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Worst states to be a mortgage originator

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Mortgage Professional America | 22 Jul 2015, 08:50 AM Agree 0
Don’t take this personally, originators, but a leading rate site has come up with a list of the worst states to get a mortgage.
  • Fred | | 22 Jul 2015, 09:42 AM Agree 1
    Rates are a poor way of ranking. All originators in those states are working with basically the same rate structure, so it an even playing field.
  • Miranda Aikman | | 22 Jul 2015, 09:46 AM Agree 0
    I agree Fred. This is like when your watching a football game and the announcers start coming up with crazy stats or records that no one cares about just to take up time/space. :)
  • marcus | | 22 Jul 2015, 09:47 AM Agree 0
    They are basing this on rates and listing prices! Utter nonsense. Housing expense as a percentage of average income for an area is what matters the most. I thought we were going to see an article on state (over) regulation or some such useful information. Nothing but clickbait.
  • Randall Cunningham | | 22 Jul 2015, 09:52 AM Agree 0
    I'd like to see a ranking based on state title and fee protocol, transfer tax, mortgage stamps, title insurance, property taxes, property value (i.e. likelihood of property to be worth more than owed or percentage of homeowners under-water) stipulations, etc... to see which states have the most expensive and tedious process and which have the cheapest most hassle free experience. Then I can direct my efforts towards the latter... ;-D
  • LO Joe | | 22 Jul 2015, 10:05 AM Agree 0
    This is a bad bad article. Does the person that wrote this article have any industry experience?

    Hawaii interest rates are typically better than other states because of the high listing prices for houses. I love how there was nothing listed for the other states either. How about the fact that PA and FL both have ridiculous transfer taxes that make refinancing to a lower rate nearly impossible. These transfer taxes make it so equally qualifying borrowers end up with a rate .125 - .250 higher than the rest of the country for the same mortgage costs.
  • paper | | 22 Jul 2015, 11:36 AM Agree 0
    Please take some grammar lessons. In the first sentence you use the word "that"; the word should be "the". You should have written about the ranking in a prior paragraph. What ranking are you talking about? I don't see it. Eyebrow and blood pressure should be plural. The word "but" doesn't get a comma in front of it because it's a conjunction. Here is another example of poor grammar: Hawaii came out on top – on bottom – once the numbers were in. This should be written the following way: Hawaii came out on top, then on bottom once the numbers were in. That isn't even correct because it's not part of the paragraph above it so we don't know what Hawaii came out on top of. I'm sure readers can figure it out but we know it's incorrect. You also have an extreme overuse of commas; this is what you have: Ironically, the sunny state , points on the report, has a “decent” average 15-year mortgage rate at 3.031% APR. That wasn’t, unfortunately, enough to countera...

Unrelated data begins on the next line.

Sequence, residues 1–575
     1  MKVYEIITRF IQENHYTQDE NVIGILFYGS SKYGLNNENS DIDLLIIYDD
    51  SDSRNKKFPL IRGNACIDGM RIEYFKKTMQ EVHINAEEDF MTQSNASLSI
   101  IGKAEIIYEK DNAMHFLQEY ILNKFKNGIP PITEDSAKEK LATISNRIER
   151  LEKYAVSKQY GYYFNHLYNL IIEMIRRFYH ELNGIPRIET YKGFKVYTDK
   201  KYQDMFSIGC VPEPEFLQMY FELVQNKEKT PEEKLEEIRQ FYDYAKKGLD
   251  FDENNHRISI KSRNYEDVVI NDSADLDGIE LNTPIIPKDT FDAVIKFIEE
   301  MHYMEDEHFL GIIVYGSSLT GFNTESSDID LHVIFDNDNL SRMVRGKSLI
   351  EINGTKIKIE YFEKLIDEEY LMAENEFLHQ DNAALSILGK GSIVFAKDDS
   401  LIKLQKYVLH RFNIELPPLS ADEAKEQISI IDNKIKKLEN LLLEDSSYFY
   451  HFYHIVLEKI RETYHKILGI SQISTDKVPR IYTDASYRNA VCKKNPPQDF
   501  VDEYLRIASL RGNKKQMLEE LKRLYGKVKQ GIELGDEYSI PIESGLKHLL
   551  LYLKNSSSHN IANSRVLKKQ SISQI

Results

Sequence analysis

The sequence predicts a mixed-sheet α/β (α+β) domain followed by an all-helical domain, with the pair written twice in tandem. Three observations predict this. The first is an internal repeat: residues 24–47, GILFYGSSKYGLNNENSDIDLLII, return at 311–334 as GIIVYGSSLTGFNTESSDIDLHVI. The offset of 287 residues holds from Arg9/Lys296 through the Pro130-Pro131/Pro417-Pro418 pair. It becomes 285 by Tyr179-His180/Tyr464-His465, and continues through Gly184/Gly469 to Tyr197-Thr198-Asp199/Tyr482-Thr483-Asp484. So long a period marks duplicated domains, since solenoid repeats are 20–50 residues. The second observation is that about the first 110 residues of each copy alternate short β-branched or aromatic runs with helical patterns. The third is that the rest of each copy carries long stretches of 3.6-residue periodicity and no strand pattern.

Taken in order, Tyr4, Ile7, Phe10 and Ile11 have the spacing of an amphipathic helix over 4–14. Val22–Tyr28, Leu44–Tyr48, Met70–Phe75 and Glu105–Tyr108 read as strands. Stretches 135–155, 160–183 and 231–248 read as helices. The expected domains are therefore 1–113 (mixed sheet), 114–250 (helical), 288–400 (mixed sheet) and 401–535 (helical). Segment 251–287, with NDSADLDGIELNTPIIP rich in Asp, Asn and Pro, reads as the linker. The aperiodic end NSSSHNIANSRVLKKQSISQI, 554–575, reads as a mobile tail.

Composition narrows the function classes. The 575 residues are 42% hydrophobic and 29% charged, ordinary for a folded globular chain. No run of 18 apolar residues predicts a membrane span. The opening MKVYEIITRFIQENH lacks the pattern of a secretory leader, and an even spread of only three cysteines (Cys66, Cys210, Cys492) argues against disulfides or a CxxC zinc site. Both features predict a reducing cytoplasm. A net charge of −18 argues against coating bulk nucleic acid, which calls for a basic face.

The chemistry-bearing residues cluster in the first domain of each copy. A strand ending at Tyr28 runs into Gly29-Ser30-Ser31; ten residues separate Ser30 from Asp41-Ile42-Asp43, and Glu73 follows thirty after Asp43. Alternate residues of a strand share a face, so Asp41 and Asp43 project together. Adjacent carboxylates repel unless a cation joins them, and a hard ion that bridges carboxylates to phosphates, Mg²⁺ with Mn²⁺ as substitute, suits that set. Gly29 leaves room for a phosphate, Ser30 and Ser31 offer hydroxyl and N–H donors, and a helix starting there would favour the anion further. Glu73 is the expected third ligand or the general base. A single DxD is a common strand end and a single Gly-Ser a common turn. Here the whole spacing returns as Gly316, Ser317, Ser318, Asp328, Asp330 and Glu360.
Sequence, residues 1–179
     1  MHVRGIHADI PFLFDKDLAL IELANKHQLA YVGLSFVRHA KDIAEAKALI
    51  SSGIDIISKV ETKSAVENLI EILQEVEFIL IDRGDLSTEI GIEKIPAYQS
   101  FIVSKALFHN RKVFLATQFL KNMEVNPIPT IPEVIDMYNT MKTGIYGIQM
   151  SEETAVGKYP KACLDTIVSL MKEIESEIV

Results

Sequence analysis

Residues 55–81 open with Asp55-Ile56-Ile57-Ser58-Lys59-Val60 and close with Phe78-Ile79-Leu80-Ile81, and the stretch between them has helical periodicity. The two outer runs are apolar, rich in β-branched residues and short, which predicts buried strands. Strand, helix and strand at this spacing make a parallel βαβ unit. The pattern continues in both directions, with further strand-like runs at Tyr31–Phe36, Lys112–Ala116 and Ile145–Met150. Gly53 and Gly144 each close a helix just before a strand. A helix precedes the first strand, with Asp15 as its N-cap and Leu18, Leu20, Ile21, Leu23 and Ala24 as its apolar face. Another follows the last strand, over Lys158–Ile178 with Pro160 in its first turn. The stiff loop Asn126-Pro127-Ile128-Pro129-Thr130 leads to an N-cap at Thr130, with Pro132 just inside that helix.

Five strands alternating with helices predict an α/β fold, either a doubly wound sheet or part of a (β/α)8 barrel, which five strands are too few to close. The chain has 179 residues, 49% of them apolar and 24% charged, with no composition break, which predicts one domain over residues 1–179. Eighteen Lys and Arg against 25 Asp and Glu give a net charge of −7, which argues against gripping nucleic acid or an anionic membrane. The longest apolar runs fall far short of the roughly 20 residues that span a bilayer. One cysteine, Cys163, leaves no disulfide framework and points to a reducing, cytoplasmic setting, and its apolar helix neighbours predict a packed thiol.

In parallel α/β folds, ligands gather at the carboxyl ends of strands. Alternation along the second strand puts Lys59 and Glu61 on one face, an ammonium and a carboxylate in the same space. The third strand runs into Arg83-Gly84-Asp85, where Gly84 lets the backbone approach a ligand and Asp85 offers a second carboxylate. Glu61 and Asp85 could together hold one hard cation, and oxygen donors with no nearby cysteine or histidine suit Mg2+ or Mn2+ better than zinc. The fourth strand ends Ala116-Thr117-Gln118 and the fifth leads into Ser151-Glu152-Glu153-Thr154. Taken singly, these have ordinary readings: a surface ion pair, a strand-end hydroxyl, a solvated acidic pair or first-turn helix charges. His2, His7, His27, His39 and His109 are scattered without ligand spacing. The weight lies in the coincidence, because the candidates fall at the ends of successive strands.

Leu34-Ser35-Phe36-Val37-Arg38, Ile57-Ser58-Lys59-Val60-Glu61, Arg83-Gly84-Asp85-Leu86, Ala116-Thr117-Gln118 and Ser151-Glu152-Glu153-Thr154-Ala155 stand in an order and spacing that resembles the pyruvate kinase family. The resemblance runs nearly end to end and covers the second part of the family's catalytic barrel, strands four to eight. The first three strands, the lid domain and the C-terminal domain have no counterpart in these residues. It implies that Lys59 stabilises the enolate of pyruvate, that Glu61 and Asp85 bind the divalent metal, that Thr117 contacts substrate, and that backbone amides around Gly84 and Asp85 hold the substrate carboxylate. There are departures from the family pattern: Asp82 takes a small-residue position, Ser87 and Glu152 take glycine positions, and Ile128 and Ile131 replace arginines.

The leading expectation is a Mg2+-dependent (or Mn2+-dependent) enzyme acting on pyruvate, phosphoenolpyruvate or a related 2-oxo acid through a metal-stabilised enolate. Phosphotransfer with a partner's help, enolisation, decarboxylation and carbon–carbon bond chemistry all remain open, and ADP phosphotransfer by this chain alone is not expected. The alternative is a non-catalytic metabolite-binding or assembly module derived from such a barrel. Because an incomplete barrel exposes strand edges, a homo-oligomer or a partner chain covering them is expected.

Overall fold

It should be: Ironically the sunny state points out on the report that it has a decent average of 15-year mortgage rate at 3.031% APR. Unfortunately that wasn’t enough to countera...
    You need to work on sentence structure and overall grammar. (smiley face)
  • Pat in PA | | 22 Jul 2015, 08:43 PM Agree 0
    Get your facts straight. PA transfer taxes are only applicable on a sale / transfer of title, not on a refinance.
  • sbharkness | | 31 Jul 2015, 08:32 PM Agree 0
    LO Joe, Wow, I did not realize that PA & FL require the borrower to pay transfer tax on a refinance. That must really be a deal killer living in those two states. I live in Washington State and have enough business right here to keep me extremely busy. With what you just informed me about the transfer taxes and what each state gouges the Loan Officer to become licensed in their state I think I will remain content right here in my home state. Also, thank you paper for pointing out the many grammatical errors in this article. When I read these industry papers I like to think that I am reading relevant information written by someone with some grasp of the subject they are writing about. Not only was the grammar deplorable but the individual obviously has a very limited understanding of what factors contribute to a bad market. In my experience it does not matter what the average listing price is as long as there is employment available that provides the income needed to purchase houses in that price range and obviously there is or they would not be in that price range. This is the marvelous thing a about a free market system.
  • MLC | | 04 Aug 2015, 07:05 AM Agree 0
    Rates are a poor way to decide this issue. Particularly, in NY rates are higher because of state mandated fees. Such as the required 1% mortgage recording taxes. Thus, NY will always look worse.
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